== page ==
Avoid sharing too much personal information on the web: Check your computer's privacy settings
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Chances are your privacy settings are something you clicked on once and then basically forgot about it. But it's a good idea to occasionally go back and evaluate your settings to make sure they're still right for you.
If you don't like how a particular site is using your information or if you've changed your mind about sharing certain aspects of your profile, then you can and should go back and update your privacy settings. If you'd rather not share any personal information at all, there are other ways to use the internet without giving up too much control over what happens to your data.
Software, such as System Mechanic, works to help keep your private life, well, private. The software bundle helps protect your computer by patching security holes within your device and alerting you of any compromised privacy settings. System Mechanic also helps find browser-stored passwords that are vulnerable to hacking.
Along with installing System Mechanic, you can also choose to browse the internet anonymously by opening a private browser or by turning off cookies and pop-ups for greater privacy.
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Tips on privacy settings for social media
Some companies will ask permission at every point where they collect user data — including during sign-up, registration, account creation, login, purchase, and delivery. Social networking sites offer guides or “Frequently Asked Questions” about their privacy tools. Review these resources and refer to them if you have a question about how to adjust your settings on the service.
In addition, check your privacy settings across your social media sites. They allow you to choose who sees when you send messages, photos, videos, etc., and they also give you tools to manage how long those conversations stay stored on both of them.
Some social media sites also let you control whether people can “tag” you and your activities, and some let you review and approve tags first. Enable this setting, particularly if you do not want other people to share your activities and location with their contacts.
Also, be wary of participating in online games or surveys that ask for personal information. “A lot of these online surveys you see... on social media websites ask pretty much those exact [security] questions. Ever wonder why?” Christopher Rees, an information technologist and trainer at PluralSight, tells AOL. “I’m assuming they are compiling all of that information that can be used with other info, and over time get very detailed info on people that can be used to reset passwords, answer security questions on websites, email accounts, banking accounts, etc.”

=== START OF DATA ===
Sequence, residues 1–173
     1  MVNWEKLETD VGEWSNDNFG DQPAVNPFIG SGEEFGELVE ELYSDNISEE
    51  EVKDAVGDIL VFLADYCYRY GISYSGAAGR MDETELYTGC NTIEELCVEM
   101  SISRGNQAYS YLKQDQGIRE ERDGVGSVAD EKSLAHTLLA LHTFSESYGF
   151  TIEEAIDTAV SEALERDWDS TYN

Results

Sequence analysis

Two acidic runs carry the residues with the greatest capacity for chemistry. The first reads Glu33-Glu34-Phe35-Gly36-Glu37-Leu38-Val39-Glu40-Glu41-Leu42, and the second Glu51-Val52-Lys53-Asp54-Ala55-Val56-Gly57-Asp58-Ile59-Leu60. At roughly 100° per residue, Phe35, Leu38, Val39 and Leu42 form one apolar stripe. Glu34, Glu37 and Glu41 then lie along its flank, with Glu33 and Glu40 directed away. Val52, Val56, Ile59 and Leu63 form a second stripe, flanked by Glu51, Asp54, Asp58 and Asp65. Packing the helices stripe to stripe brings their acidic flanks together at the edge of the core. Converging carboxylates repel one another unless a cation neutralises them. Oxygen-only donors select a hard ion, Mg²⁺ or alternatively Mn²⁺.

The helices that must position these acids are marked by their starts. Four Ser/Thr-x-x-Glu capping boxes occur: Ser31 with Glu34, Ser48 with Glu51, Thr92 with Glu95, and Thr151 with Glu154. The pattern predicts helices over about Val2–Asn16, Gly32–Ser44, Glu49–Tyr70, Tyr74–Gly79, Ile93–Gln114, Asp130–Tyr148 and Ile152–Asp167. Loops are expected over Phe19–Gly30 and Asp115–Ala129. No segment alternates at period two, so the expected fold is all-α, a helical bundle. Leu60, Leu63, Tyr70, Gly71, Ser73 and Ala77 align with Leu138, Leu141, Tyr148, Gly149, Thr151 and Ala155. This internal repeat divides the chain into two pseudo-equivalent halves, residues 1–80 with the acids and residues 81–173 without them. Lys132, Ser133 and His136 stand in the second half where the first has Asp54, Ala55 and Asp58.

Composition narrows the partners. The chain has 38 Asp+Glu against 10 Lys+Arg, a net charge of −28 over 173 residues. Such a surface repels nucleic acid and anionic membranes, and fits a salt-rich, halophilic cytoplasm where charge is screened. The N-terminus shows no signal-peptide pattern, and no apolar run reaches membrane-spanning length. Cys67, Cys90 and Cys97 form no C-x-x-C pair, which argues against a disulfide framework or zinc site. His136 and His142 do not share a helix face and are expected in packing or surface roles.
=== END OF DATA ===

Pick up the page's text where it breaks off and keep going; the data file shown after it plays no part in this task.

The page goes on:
Tips on privacy settings for online games
Players' personal information is being collected by online gaming companies, raising privacy concerns. Furthermore, profiles within gaming platforms are often linked to broader online social network sites or tied to your phone’s contact list. This makes understanding what information is being collected important. That way, you can decide whether you are comfortable playing the game, and you can adjust your settings so that you are providing the least amount of information possible.
For most games, there should be options available to change information that could be used to identify you offline, such as your profile picture, display name, or location. Some games offer additional privacy controls through their own websites, which are worth looking into.
Tips on privacy settings for your browser
If you don't set your privacy settings on your web browser, you are relying on default privacy settings that may not align with your privacy preferences. Review your privacy settings and adjust them if necessary. For example, if you're not comfortable with web tracking while doing some web activities, default privacy settings would not be sufficient to protect your privacy.
Your computer's internet browser has built-in tools to help protect your personal information, but you might want to take the extra step and use a tech stack, such as System Mechanic, to alert you of privacy danger zones.